The Supreme Court struck down abortion restrictions in Texas on Monday morning, with a 5-3 decision in the case of Whole Woman’s Health v. Hellerstedt. As activists celebrated, Dahlia Lithwick pondered the fact that it was Stephen Breyer, not one of the court’s three female justices, who wrote the “academic, abstract” majority opinion. “This isn’t just a women’s case about women’s rights and women’s health,” Lithwick points out. “It’s a case about pretextual laws that could have caused untold damage and about the constitutionally protected right to choose, which has been bolstered by a majority of the Supreme Court that includes two men.”
Meanwhile, Jeff Chang writes about the Court’s decision last week in Fisher vs. University of Texas II, finding the victory for the university’s particular approach to affirmative action to be somewhat less cheering than it might seem. Texas’ use of a “Ten Percent Plan” allows students from poorly-performing schools better access to top-quality public higher education. “Because school segregation tracks closely to economic inequality, the top 10 percent plans account for disparities in class, as well as race,” Chang acknowledges. “But they do so with an ‘OK, we give up’ kind of cynicism,” taking school inequality as a given.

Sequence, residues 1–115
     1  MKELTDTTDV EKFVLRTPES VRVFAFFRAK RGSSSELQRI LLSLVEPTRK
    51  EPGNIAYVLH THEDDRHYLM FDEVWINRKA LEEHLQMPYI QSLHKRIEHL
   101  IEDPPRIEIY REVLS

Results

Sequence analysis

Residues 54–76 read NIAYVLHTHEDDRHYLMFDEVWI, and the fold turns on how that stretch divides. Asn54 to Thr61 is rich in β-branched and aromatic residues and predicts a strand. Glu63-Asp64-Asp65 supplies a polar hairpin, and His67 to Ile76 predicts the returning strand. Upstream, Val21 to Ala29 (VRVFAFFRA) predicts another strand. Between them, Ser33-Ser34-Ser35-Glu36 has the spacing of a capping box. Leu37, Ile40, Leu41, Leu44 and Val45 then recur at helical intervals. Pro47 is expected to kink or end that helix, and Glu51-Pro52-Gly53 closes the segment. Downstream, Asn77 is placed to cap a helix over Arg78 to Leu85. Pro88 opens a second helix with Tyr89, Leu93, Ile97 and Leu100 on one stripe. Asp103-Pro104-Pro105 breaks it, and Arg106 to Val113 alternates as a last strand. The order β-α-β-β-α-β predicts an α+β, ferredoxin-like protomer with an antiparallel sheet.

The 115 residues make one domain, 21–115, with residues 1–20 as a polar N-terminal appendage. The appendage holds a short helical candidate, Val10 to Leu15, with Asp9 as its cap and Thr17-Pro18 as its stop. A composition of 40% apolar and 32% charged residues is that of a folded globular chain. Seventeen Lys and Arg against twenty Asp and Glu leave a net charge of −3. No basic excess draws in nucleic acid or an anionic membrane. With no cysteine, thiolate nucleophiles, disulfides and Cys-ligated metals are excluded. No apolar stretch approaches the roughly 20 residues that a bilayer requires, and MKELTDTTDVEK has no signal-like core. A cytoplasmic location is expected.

In the next few decades, zoos should shift their tactics, displaying fewer charismatic megafauna from far-flung ecologies and more endangered local animals, argues Matt Soniak: “Rather than housing exotic animals that require habitat that far exceed what a zoo can reasonably offer, zoos should be converted into conservation centers equipped to help local struggling species find their footing again.” (But will people pay as handsomely to visit a zoo devoid of lions? Slate commenters are skeptical.)
In The New Republic, journalist Suki Kim describes her experience going undercover to write a book about North Korea’s elite, only to have it categorized as a “memoir” and then criticized for its methods. “As an Asian female, I find that people rarely assume I’m an investigative journalist; even after I tell them, they often forget,” Kim writes.
Willa Paskin enjoyed Sunday night’s Game of Thrones Season 6 finale, which represented a big departure from the show’s trademark bleak nihilism, immensely. “For all that the show has avoided certain kinds of narrative fulfillment, it is a story, and stories have to end,” Paskin writes. “In its season finale, Game of Thrones finally became the show it has tried not to be: the one that gives its audience what it wants.”
For fun: Browse F. Scott Fitzgerald’s scrapbooks, newly online via the Princeton University Digital Library.
Valentines and locks of hair,